On Alaska at least, you are allowed to get up and use the restroom while the light is on as long as the flight attendants aren’t trying to do beverage/food/snack service. That’s common sense. If the pilot has warning of any turbulence ahead, they usually make an announcement, along the lines of, “Folks, we expect to encounter some turbulence shortly. Please return to your seats at this time and make sure your seatbelts are fastened.”

    I think their policy is sensible and it doesn’t seem “nannyish” to me. It’s a very simple precaution that could save your life in the event of unexpected, sudden clear-air turbulence.

  20. Jo SEONG iL says:

    I agree WITH anything which you said,cranky

  21. Axelsarkiss says:

    There have been several times in the recent past on U.S. majors that I’ve seen the seatbelt sign stay on nearly the entire flight–at that point, one merely ignores it… placing oneself in violation of federal law to boot.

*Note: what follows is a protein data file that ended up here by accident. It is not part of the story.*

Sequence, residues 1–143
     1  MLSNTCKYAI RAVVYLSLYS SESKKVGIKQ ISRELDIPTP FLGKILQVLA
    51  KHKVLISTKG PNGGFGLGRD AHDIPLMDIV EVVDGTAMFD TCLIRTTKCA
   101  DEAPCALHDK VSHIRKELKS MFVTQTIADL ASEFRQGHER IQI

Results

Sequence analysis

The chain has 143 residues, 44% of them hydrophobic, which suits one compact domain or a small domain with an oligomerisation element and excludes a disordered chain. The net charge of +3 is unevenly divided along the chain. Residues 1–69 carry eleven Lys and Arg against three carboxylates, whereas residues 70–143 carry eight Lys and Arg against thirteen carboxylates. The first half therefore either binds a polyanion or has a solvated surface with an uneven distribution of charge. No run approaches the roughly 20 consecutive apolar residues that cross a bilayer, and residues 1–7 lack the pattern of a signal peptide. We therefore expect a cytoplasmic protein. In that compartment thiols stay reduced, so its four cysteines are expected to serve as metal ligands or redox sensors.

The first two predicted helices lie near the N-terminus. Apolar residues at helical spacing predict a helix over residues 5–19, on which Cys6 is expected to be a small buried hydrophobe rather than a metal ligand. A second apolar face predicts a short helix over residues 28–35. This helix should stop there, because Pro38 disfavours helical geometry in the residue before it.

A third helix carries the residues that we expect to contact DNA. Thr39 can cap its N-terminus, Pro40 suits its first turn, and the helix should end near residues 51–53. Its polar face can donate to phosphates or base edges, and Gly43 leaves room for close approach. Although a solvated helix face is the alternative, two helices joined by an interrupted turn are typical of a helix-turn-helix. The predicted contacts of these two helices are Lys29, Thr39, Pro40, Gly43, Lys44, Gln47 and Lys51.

I get the liability issues, but it’s simply ridiculous to leave the damn thing on for hours on end.

  22. Jim says:

    When flying United Airlines, I’ve noticed that when the fasten seatbelt sign comes on, the pilot goes into the toilet. Is this for security? Also, don’t ask the flight attendant if it’s okay to use the toilet if the fasten seatbelt sign is on. They have been instructed to say no.

  23. Cdn says:

    US pilots live in constant fear of losing their jobs. They feel they are the cream of the crop. Many are from the military and are timid about making mistakes in the civilian world

    I was on 4 United flights in the past 2 days

    Granted 3 were on some garbage connectors, but the belt sign never came off the entire flight

    It was smooth

    They are just lazy and tired

    The US airlines will eventually falter to world competition